You need a LinkedIn profile if you’re serious about freelancing. Here’s why: I recently did some digging into my students’ success stories. And you know what?
The successful ones all have a LinkedIn profile.
I also did some poking around with my colleagues and peers. Same thing… they all have LinkedIn profiles. Now, these profiles might not be cutting-edge current. They might be like ahem mine, which is to say… set up a while ago and then pretty much neglected.
But they exist.
There seems to be a solid connection between level of professionalism and minimum-viable presence on LinkedIn. In other words, you can do the bare minimum (like me) and just set up a profile for it to work. You don’t have to go all in with a full-bore LinkedIn strategy.
Either way, I’m drawing a line in the sand and saying you, the aspiring and/or growing freelance writer, need to be on LinkedIn.
Unless, of course, doing so will cost you a current job that you need to keep the lights on. If that’s you, this blog post isn’t for you.
But for everyone else, LinkedIn is a valuable tool that works for you in multiple ways, depending on how you want to swing the hammer.
7 ways LinkedIn is a valuable marketing tool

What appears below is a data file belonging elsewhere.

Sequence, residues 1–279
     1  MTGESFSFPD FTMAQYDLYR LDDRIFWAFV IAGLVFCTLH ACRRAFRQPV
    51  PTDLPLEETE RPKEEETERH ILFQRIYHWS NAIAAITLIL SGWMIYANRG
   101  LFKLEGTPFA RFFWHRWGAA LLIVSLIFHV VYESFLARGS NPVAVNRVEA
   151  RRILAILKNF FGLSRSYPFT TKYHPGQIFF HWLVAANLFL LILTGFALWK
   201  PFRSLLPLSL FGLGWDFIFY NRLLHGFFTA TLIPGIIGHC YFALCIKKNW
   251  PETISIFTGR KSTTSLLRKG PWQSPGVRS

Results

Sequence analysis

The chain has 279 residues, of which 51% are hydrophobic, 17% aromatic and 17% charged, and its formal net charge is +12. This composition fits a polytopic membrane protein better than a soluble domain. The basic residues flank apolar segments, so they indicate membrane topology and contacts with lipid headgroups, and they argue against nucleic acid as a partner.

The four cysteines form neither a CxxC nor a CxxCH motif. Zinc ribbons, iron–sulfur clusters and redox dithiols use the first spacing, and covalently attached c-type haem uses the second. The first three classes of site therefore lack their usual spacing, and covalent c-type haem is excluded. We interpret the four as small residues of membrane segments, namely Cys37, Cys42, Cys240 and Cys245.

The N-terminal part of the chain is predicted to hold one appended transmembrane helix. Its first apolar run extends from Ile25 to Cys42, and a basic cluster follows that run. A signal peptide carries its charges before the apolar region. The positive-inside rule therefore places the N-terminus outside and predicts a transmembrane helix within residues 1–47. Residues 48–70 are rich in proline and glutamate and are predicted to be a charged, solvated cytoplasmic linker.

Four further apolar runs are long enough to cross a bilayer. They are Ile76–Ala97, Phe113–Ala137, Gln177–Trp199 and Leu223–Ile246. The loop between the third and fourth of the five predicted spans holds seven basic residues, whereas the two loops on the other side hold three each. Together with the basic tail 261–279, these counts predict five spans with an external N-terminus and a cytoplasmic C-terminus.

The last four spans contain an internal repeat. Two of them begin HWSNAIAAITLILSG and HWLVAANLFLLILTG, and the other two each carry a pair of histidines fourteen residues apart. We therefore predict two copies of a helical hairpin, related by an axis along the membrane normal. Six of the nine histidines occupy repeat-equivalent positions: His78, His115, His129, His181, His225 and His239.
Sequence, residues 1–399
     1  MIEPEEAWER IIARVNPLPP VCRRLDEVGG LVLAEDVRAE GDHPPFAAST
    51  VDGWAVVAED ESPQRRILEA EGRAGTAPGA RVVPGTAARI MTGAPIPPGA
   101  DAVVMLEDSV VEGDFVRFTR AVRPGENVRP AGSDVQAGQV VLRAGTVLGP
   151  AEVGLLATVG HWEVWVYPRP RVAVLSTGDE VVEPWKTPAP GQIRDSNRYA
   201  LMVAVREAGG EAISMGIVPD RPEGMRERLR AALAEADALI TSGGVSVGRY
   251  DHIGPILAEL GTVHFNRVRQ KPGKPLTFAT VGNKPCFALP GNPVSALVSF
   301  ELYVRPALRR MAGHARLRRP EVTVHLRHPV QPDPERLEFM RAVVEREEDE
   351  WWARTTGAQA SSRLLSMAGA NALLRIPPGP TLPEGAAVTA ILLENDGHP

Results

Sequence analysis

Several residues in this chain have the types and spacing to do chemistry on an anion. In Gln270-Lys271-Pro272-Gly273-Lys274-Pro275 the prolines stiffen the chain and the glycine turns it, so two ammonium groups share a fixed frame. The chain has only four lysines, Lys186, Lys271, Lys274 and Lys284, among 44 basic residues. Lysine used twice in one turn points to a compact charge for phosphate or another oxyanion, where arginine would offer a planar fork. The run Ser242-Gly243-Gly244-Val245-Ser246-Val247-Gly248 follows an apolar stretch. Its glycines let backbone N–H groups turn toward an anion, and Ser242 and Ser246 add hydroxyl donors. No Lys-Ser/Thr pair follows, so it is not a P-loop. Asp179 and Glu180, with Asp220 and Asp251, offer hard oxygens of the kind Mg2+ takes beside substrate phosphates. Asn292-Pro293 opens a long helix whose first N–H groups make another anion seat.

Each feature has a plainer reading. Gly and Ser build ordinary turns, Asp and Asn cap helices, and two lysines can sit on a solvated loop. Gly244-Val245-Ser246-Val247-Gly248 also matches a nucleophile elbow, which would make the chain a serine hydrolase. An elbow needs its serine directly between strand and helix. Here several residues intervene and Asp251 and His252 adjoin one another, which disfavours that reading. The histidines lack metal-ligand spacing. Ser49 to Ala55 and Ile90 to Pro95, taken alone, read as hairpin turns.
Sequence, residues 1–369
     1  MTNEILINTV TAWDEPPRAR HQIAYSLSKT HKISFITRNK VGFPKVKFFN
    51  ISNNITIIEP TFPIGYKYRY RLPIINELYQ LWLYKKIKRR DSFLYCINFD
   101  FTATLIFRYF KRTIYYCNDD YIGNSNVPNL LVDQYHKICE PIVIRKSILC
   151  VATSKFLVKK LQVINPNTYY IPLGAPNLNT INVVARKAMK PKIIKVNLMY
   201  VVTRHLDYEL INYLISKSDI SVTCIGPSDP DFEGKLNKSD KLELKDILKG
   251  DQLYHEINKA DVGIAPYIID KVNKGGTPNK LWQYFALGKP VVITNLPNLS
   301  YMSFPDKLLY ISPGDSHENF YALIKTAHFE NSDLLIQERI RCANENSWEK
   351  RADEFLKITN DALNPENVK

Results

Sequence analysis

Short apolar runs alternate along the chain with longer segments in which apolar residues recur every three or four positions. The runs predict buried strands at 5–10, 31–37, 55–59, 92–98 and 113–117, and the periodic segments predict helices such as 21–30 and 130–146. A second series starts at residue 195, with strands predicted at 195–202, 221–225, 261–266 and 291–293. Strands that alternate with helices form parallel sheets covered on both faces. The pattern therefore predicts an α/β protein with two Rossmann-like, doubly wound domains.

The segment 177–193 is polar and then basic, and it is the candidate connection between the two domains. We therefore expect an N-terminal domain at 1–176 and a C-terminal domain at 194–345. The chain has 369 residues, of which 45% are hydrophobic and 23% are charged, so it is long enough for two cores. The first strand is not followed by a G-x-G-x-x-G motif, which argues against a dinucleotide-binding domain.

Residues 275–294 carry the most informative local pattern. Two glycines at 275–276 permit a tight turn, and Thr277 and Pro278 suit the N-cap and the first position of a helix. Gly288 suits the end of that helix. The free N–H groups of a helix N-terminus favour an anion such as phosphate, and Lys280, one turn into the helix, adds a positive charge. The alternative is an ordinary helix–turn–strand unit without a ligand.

- It can serve as a resume.
- It can serve as a portfolio.
- It can serve as a publishing platform (where you can publish your clips!).
- It can be a place to find and apply for writing gigs.
- It can be a place to research businesses to pitch.
- It gives you legitimacy, credibility, and authority when done right.
- It brings interested prospective clients straight to your inbox when done right.
How do you make your LinkedIn profile effective?
So, it’s that whole “when done right” thing that can cause problems. Your LinkedIn profile, when NOT done right, will reflect poorly on you and repel prospects who would otherwise be interested in working with you.
You should approach your profile with your ideal reader in mind. Who are the people you want your profile to “speak to” and what kinds of things would those people want to see? Hint: think like a marketer.
This is especially powerful if you have a niche, because you can tailor your profile to that niche and become much easier to find in the LinkedIn search. If you don’t have a niche yet, though, don’t despair. There are always things you can do to improve your chances of getting found.
In fact, I’m still getting prospects from a profile I set up last year and haven’t really touched since.
Your LinkedIn profile intro
The top section of your profile is the Intro. You have your picture, a banner image, your name, your Headline, and your current “position,” which for most of us freelancers actually isn’t a position because we aren’t employees.
When you edit your Intro, put in your name, location, etc. You can also include your industry, if you have one; otherwise, select Writing & Editing.
Like your Facebook profile, you need to have a nice, clear headshot as your LinkedIn profile. It needs to be just you, and mostly your face.
Also like your Facebook profile, you can have a banner at the top. The strategy is much the same: have a capsule summary of you, what you do, and your email or URL.